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Microsoft won't talk much about its upcoming Windows 8 OS

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August 16, 2011

In the last few weeks, Microsoft did promise to start sharing some technical information about its new and upcoming Windows 8 operating system.

And as is customary with the software giant, it will only be initially offered in beta.

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But be forewarned: the company won't be sharing that much information since it's been burned so much in the past. Case in point: Windows Vista.

Microsoft's Windows division president Steven Sinofsky has launched the 'Building Windows 8 Blog' to talk about some of the features in the new operating system that is expected to hit the 'Net sometime in September.

Sinofsky said people have expressed frustration over how little the software giant has talked about Windows 8, but said Microsoft has been victimized in the past by being too open and talkative before launching a new product as critical as an operating system.

"We've certainly learned lessons over the past years about the risks of talking about features before we have a solid understanding of our ability to execute and deliver," Sinofsky humbly said on his inaugural blog post.

"Our intent with this pre-release blog is to make sure that we have a reasonable degree of confidence in what we talk about, before we talk about it."

Déja vu you ask? Maybe. We will see...

Microsoft demo'ed the Windows 8 interface in June, while in January it said Windows 8 would run on systems on a chip, including ARM processors, for the very first time. ARM CPUs are made by ARM Holdings, and the company is agressively targeting Intel with its new technology, and has had a lot of success in the last year.

People are obviously asking for technical details but all Microsoft has given us so far is "wait and see".

Microsoft has definetly learned from its previous mistakes. However, a big question still looms over how Windows 8 will achieve compatibility with older apps built for x86 machines and which are not running on ARM.

And this has been a major topic of debate between Microsoft and Intel, the chip giant which was once one of Microsoft's biggest ally. Intel is now forced to share its love with SoC rivals like ARM as Microsoft tries to break into tablets against Apple's iPad. It will soon get ugly, some say. Then again, we will see.

In a heated exchange in May, Intel claimed Windows on ARM wouldn't run legacy apps. Microsoft took the unusual step of issuing a statement slapping down Intel, calling the chip maker's comments inaccurate and totally misleading. It's been Sinofsky himself, when Microsoft announced Windows 8 on ARM in January, who had claimed compatibility was not a big deal. He said Microsoft had a native version of Word built for x86 running on ARM.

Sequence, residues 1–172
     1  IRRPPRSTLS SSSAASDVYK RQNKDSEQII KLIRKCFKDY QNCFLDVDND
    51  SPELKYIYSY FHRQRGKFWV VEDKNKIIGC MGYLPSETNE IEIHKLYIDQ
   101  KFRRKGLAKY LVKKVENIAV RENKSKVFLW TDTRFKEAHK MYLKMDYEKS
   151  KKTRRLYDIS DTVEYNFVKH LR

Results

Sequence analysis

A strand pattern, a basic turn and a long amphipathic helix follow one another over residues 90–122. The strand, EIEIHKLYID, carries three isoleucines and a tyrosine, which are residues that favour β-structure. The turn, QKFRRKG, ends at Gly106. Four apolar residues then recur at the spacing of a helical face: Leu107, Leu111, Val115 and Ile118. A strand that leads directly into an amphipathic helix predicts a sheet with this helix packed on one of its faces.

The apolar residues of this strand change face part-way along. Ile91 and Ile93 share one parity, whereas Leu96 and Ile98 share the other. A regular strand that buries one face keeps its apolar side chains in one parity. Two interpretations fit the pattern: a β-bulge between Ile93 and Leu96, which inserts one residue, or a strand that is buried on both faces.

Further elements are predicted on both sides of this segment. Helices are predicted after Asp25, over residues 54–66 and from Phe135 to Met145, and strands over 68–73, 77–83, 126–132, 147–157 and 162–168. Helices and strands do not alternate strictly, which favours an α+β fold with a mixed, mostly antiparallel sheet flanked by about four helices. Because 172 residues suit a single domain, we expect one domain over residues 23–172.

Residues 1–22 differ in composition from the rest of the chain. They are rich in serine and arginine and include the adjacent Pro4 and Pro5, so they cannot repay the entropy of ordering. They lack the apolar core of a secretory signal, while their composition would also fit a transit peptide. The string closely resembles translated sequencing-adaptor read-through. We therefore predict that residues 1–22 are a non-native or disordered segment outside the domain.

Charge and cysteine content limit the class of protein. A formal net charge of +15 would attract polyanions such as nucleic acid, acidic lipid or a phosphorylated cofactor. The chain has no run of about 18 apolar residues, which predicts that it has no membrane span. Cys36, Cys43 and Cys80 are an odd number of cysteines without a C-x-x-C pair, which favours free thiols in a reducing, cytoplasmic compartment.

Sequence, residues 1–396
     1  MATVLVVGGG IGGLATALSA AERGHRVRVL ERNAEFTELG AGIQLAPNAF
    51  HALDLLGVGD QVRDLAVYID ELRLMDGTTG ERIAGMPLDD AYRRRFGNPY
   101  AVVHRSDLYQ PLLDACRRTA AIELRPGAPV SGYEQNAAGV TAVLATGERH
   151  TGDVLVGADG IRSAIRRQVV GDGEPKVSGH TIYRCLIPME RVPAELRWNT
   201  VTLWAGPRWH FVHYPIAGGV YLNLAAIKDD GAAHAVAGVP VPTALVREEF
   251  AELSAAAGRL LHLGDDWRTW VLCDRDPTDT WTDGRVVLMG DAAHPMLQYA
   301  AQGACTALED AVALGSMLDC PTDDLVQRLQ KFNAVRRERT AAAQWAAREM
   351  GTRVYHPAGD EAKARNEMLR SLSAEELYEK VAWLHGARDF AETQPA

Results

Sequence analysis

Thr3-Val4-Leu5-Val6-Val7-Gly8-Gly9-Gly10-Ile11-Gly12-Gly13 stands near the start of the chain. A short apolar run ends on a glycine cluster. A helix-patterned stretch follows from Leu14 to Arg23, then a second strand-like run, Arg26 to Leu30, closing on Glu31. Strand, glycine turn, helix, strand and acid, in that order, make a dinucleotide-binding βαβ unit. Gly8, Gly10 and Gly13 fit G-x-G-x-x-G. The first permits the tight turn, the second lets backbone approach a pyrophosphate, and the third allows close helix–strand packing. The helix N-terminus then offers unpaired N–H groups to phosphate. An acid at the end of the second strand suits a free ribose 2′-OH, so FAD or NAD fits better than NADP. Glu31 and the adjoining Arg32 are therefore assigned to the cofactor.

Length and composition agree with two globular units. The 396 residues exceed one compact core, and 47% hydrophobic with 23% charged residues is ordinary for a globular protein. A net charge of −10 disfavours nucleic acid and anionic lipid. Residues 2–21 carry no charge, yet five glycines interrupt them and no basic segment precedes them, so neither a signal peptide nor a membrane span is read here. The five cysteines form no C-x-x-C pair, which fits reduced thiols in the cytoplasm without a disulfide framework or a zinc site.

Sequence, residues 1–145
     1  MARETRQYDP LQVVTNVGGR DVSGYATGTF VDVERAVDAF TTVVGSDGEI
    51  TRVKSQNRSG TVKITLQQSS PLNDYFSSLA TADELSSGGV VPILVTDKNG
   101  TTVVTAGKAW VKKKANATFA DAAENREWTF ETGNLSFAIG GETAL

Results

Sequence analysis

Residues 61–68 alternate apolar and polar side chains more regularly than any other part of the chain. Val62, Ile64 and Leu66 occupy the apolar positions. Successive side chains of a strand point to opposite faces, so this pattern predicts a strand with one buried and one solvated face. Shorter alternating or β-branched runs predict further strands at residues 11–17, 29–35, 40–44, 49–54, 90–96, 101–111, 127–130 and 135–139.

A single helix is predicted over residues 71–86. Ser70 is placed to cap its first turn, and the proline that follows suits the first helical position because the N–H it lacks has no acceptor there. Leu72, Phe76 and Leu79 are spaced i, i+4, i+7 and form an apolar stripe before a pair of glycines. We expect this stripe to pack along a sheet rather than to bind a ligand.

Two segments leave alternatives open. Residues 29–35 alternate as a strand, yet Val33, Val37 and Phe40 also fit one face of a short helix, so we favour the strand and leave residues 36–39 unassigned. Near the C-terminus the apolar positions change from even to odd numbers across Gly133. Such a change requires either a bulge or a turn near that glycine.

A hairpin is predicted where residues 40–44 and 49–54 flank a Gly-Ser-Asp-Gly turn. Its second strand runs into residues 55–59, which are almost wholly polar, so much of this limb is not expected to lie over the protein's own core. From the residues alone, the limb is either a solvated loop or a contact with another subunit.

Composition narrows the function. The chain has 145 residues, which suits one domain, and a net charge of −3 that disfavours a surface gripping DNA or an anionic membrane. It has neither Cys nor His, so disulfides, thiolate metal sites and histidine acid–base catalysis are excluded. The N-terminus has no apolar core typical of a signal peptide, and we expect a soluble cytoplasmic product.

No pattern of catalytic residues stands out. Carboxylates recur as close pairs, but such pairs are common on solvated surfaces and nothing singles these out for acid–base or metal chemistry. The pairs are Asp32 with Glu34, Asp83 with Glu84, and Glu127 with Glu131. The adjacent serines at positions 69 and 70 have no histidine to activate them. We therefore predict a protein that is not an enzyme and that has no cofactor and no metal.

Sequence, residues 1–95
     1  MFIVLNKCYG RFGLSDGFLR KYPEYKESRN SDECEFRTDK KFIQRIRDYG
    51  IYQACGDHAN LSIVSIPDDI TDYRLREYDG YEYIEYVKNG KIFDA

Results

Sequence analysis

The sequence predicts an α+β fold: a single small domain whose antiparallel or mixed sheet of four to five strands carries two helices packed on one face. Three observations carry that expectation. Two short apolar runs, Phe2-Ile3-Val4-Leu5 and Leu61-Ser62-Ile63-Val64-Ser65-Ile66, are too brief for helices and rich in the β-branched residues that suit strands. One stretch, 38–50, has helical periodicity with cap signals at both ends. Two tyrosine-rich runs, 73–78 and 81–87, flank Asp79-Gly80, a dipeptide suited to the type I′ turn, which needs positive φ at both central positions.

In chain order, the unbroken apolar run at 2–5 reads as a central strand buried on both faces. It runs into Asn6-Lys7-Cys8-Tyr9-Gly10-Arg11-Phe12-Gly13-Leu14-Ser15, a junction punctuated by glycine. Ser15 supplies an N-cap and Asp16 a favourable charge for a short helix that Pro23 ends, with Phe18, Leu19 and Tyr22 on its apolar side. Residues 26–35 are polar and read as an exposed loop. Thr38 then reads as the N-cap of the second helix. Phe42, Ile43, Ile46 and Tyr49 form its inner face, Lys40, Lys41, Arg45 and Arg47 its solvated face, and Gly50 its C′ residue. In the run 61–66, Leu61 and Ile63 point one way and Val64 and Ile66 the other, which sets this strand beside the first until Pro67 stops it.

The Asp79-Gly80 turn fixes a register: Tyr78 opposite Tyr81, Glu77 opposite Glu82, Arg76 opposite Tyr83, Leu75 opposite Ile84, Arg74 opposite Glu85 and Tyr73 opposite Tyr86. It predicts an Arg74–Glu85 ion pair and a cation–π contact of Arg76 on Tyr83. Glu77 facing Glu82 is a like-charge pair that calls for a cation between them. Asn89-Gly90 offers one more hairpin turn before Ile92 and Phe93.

At June's preview, Microsoft had showed a touchy, tile-like Windows 8 interface that looked similar to Windows Phone. It has not, however, talked about how the apps are built.

And while all of this is happening, we are still looking forward to an interface and application build model that could see mobile apps purchased and downloaded from Microsoft's Windows Marketplace to PCs running Windows 8.

With all of this in mind, don't expect Sinofsky's Windows 8 blog to be the place for major surprises as the goal is not to generate traffic or build excitement. "This blog is here to provide a two-way dialogue about the complexities and tradeoffs of product development," Sinofsky said bluntly.

He then foreshadowed the launch of Windows 7 in October 2009 in exactly the same way, with the Engineering Windows 7 blog. He talked of a two-way dialogue there, too. It was Sinofsky himself who picked up the pieces of the Microsoft engineering team in the wake of the huge Windows Vista fiasco by first leading the Windows Live Engineering Group and then being promoted Windows Division president in 2009.

Sinofsky then began asserting fresh control over the broken Windows development process. Microsoft's new man is famed for retaining tight control on how things are built and on how his division is managed and what it says to the outside world.

The Windows 8 blog is a perfect example of Sinofsky not just controlling the timing of what's said, but also what information is clearly transmitted, and, most importantly, when it is transmitted.

In the field of software development, timing is everything, especially when operating systems are concerned. Based on the experience of the Windows 7 blog and the blog of the Internet Explorer team (the IE team is also part of Sinofsky's group, by the way), there will be lots of explanations about how and why features were picked and decisions arrived at.

Also, expect plenty of benchmark and performance charts galore. Sinofsky was therefore right to warn against any excitement and it seems you'll have to wait for the real technical news at Microsoft's Build Conference in Anaheim, California in September, where it has promised to deliver engineering details on Windows 8 and exactly when the first beta is to be expected.

In the mean time, we will continue to monitor the blog a few times a day, just in case we can get a bit more information on Windows 8 Beta. As usual, we will keep you posted.

Source: Microsoft.

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